For the third year in a row, Congress has approved legislation that would revoke funding for peer-reviewed, federally funded behavioral health research. This time the legislation targets work by two psychologists: experimental psychologist Edward Wasserman, PhD, and experimental social psychologist Sandra Murray, PhD.
Rep. Randy Neugebauer (R-Texas) introduced the legislation as an amendment to the fiscal year 2006 Labor, Health and Human Services, and Education Appropriations bill. The bill, with the amendment, passed the House in June. APA officials say they hope Congress will remove the amendment this fall during House-Senate conference negotiations.
In a press release issued in June, Neugebauer's office wrote that the money that the National Institutes of Health (NIH) allocated to those projects would be better spent on research on specific mental illnesses. "NIH has continually failed to give a high priority to research on serious mental illnesses," the release stated.
This attack on basic behavioral research is merely the latest manifestation of an alarming trend, according to Karen Studwell, a senior legislative and federal affairs officer in APA's Science Policy Office. It is the third time in three years that a member of Congress has tried to cherry-pick individual research grants--all of which passed the NIH peer-review process--and revoke their funding.
"I don't much appreciate the role of sacrificial lamb, and I would hope that this legislative maneuver is not repeated in the future," Wasserman says. "But a pattern seems to have been established that this is going to happen every year."
Last year, Neugebauer attached a similar amendment to the fiscal year 2005 appropriations bill. It also passed the House--in a nonrecorded voice vote--but was later removed in House-Senate conference negotiations, which APA hopes will happen again this year. Moreover, in July 2003, then-Rep. Pat Toomey (R-Pa.) offered an amendment to cancel funding for five peer-reviewed NIH grants. That amendment was defeated by only two votes in the House.
Such congressional meddling in the peer-review process is disconcerting, says Studwell. "Congress does have oversight responsibility for NIH," she says, "but undermining the peer-review process is not the appropriate method to question the agency's priorities. It's certainly not the best way to decide which grants have scientific merit."
The two grants targeted this year both are National Institute of Mental Health-funded research by psychologists. Sandra Murray, PhD, a psychology professor at the University at Buffalo of the State University of New York, is studying the cognitive and behavior processes that predict relationship resilience. In the study, she's tracking newlywed couples for the first three years of their marriages to see how participants perceive and react to rejection and disagreement. She's interested in finding out which factors lead to successful marriages and which ones to divorce.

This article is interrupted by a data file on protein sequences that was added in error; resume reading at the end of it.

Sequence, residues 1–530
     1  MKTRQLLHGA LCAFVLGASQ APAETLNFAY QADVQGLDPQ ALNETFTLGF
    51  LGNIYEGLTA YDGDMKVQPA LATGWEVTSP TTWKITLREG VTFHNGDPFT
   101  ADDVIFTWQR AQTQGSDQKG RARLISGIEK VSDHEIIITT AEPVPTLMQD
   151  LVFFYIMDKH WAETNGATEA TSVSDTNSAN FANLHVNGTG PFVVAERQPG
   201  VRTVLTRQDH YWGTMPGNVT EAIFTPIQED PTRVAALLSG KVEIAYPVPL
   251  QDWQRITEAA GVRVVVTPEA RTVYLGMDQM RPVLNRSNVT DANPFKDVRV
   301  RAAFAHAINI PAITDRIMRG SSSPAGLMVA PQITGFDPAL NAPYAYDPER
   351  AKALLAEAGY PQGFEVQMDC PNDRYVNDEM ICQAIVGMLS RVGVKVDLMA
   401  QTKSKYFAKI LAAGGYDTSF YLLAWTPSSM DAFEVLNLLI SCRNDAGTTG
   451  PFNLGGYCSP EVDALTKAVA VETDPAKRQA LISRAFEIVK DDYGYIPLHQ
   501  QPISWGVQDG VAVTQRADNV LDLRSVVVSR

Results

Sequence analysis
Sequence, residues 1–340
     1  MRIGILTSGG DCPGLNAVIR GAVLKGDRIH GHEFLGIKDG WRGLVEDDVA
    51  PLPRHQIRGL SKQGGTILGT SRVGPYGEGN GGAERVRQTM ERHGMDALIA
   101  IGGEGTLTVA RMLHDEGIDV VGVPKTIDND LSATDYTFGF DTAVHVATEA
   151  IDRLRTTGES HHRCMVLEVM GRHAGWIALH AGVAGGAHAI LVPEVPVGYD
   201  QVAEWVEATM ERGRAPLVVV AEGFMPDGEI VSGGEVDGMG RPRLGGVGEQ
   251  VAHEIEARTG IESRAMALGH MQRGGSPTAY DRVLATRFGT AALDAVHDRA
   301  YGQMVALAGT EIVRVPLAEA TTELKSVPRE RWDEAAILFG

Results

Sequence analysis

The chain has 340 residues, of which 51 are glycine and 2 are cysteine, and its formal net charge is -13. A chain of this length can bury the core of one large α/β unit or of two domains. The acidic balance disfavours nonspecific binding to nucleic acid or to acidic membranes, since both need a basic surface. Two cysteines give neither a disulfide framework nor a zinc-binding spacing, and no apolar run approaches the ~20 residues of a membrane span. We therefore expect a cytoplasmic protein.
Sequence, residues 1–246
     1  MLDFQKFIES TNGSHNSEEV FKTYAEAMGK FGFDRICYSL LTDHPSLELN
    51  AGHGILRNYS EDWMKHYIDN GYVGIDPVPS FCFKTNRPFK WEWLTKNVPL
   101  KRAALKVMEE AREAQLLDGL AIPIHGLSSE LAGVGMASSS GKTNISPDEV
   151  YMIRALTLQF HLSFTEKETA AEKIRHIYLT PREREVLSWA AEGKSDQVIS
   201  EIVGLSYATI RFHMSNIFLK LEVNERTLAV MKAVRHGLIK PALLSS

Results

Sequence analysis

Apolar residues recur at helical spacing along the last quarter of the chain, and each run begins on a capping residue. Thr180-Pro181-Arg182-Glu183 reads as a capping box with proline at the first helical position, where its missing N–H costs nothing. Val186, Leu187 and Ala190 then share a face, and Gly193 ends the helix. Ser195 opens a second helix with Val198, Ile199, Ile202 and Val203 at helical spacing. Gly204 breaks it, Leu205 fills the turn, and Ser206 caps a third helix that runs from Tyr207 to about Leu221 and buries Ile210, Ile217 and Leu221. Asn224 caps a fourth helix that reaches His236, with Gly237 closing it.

"On a broader level, this research is important because marital dissolution and breakdown are huge risk factors for depression," she says.
The other targeted research grant, led by Wasserman, a psychologist at the University of Iowa, is a continuation of a 15-year project that is investigating cognition and perception using pigeons as model organisms. He and his colleagues have found that pigeons can visually categorize the world in much the same way humans do--for example, sorting pictures of cats, chairs and flowers into appropriate categories. Now, they're studying how variables like color, shape and orientation affect vision.
"We want to know if there are general rules that govern visual perception and recognition, and if there are, we want to try to understand the nature of the nervous system that brings this about," Wasserman says.
Wasserman and Murray both say that being at the center of this controversy has exacted a personal and professional toll. Murray said that she felt "shock, horror and dismay" when she first heard from her campus federal affairs officer that her grant had made Neugebauer's list.
"I'd known that two social psychology grants had been targeted the previous year, so I'd certainly contemplated the possibility," she says. "But out of the thousands of NIH grants...I've won some very strange and unfortunate lottery."
Studwell says that she is hopeful that this year's amendment, like last year's, will be removed from the bill in the House-Senate conference. She helped Wasserman and Murray spend a day on Capitol Hill in July, talking to their Iowa and New York representatives and to members of the House and Senate Appropriations Subcommittees on Labor, Health and Human Services, and Education.
"The reason we visited was to put a human face on the unhappiness and damage that's done by singling out meritorious projects for ridicule, for no other reason than to make a political point," says Wasserman.
During the meetings, a staffer in the office of the chair of the House subcommittee, Rep. Ralph Regula (R-Ohio), expressed his support for the peer-review process, according to Murray.
"They were all very reassuring that this amendment would be removed," she says. In fact, in an August 2004 letter to fellow representatives, Regula and House Appropriations Committee Chair Bill Young (R-Fla.) asked that representatives who had questions about particular NIH research projects address those questions to NIH director Elias Zerhouni, MD, rather than introduce legislation to defund particular projects.
Still, the representatives could not make any guarantees about retaining funding for the two targeted projects this year, Wasserman says, nor about prohibiting this type of legislation again next year.
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